Friday, December 15, 2017

Console Corner: Review of Pinball Arcade

Perhaps the last generation to have the opportunity, pinball was part of my growing up.  The latest fighting and racing games dominated the arcades in my area, but always in the corner were two or three dinging and flashing pinball machines.  I pumped many a quarter into The Addams Family, Terminator 2, and Lethal Weapon.  With Pinball Arcade on the Playstation 4 not only am I able to play those very tables and dozens of others, but can do so in as authentic a fashion as the virtual pinball allows.  FarSight Studios, developers of the game, clearly aimed to make the experience as 1:1 as possible, from scoring to sound, individual table characteristics to the different types of flippers and plungers, even the usage of forefingers (as opposed to thumbs) for gameplay.  

Pinball Arcade is available as a free download from the Playstation store.  However, there are only a couple of machines which can be played for free.  Available individually or in a bundle, the other machines can be played up to a point limit but must be purchased to have the full, unlimited experience.  (It is possible to join tournament mode and play tables that normally must be paid for, but this is limited to schedules and tables selected for the tournaments.)  For what it’s worth, the main table provided free with the game, Tales of the Arabian Knights, is phenomenal, offering hours and hours of twitching fingers—which, after all, is the addiction of pinball.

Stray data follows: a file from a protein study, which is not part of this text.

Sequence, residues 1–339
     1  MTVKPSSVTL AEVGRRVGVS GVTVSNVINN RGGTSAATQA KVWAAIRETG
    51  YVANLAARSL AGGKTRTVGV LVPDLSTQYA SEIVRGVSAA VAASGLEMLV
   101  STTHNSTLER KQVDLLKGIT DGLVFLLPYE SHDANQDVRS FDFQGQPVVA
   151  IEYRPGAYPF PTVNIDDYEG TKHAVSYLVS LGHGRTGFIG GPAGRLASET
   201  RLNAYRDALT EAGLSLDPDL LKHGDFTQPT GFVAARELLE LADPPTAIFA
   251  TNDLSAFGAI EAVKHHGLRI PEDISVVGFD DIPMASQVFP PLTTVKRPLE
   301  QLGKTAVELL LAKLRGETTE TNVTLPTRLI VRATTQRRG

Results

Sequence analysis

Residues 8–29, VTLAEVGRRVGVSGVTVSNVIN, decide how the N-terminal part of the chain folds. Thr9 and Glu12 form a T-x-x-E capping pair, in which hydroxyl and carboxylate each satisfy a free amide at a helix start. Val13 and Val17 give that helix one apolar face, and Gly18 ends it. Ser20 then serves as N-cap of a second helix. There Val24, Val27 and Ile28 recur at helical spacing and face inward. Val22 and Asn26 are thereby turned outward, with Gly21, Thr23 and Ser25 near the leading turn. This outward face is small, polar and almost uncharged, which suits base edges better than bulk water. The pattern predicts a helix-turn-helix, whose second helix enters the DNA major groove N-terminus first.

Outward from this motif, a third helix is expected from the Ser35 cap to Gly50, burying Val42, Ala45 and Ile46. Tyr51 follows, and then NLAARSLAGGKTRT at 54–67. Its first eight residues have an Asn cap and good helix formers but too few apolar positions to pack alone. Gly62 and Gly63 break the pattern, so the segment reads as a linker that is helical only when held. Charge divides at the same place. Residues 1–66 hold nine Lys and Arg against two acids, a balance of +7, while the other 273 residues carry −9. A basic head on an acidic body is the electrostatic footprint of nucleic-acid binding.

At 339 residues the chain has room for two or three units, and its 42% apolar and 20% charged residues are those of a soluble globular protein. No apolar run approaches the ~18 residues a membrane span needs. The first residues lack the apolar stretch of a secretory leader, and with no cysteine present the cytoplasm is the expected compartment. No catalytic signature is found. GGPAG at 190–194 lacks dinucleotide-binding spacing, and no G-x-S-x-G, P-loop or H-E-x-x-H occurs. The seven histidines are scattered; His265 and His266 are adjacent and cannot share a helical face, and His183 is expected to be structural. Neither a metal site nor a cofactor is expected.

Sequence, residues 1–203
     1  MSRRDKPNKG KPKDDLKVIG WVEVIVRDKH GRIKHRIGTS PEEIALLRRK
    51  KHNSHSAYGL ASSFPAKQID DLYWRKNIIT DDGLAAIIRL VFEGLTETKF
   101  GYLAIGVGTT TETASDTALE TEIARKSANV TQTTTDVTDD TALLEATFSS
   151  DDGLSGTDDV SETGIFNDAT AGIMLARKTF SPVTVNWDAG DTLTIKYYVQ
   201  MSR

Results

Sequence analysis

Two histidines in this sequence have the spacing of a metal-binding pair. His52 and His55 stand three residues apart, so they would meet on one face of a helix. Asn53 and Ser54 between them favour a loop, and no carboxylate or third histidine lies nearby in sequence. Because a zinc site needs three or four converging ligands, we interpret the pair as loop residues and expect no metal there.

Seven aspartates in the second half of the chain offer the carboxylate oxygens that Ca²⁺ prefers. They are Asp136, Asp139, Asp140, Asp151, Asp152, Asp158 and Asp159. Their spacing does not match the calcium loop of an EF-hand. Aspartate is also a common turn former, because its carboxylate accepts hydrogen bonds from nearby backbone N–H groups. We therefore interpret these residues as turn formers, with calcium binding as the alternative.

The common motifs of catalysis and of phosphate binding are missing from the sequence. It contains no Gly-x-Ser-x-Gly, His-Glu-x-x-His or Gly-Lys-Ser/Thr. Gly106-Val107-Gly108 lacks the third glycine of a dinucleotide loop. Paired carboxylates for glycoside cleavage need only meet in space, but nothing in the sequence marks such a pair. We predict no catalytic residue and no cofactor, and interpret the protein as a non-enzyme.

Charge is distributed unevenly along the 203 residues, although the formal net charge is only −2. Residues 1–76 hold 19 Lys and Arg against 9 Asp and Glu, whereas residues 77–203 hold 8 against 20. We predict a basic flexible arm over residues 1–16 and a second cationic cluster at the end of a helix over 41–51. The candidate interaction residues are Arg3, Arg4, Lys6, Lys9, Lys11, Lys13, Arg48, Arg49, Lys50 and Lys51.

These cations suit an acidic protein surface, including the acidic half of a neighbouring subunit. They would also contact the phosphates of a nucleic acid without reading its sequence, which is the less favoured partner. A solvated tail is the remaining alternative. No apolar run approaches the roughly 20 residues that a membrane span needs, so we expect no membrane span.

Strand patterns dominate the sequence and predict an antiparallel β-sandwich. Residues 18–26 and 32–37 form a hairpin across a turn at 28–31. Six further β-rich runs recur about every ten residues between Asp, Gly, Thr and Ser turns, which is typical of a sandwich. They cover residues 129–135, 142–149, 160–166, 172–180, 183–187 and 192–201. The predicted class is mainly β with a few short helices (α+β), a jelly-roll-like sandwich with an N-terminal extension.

Where licensing permits, the game’s designers are continually adding new tables.  Currently at Season 6, there are five previous seasons, all of which feature a dozen or so tables, with more seasons to come.  To be fair, it would appear that the majority of the most popular tables are already included in the game, which means if there is a particular pinball machine that you love, there is a good chance it’s available.  (I’m still waiting for Lethal Weapon, though…)  

In the end, Pinball Arcade is a phenomenal translation of a physical game to the virtual environment.  (Play it alongside another pinball freebie called Zen Pinball and you will see and feel the difference.)  Hitting the ramps, slinging the ball around a rail, multiball, nailing an open gate, pinging those hard to hit targets—nearly all of the joy of real pinball is ported into Pinball Arcade, even jostling the table to prevent a ball from draining.  If you like pinball but don’t want to shell out the hundreds of dollars to have a table of your own in the basement, Pinball Arcade is the way to go.  Or, if you’re like me and looking for a little nostalgia, The Addams Family comes right back to life. 

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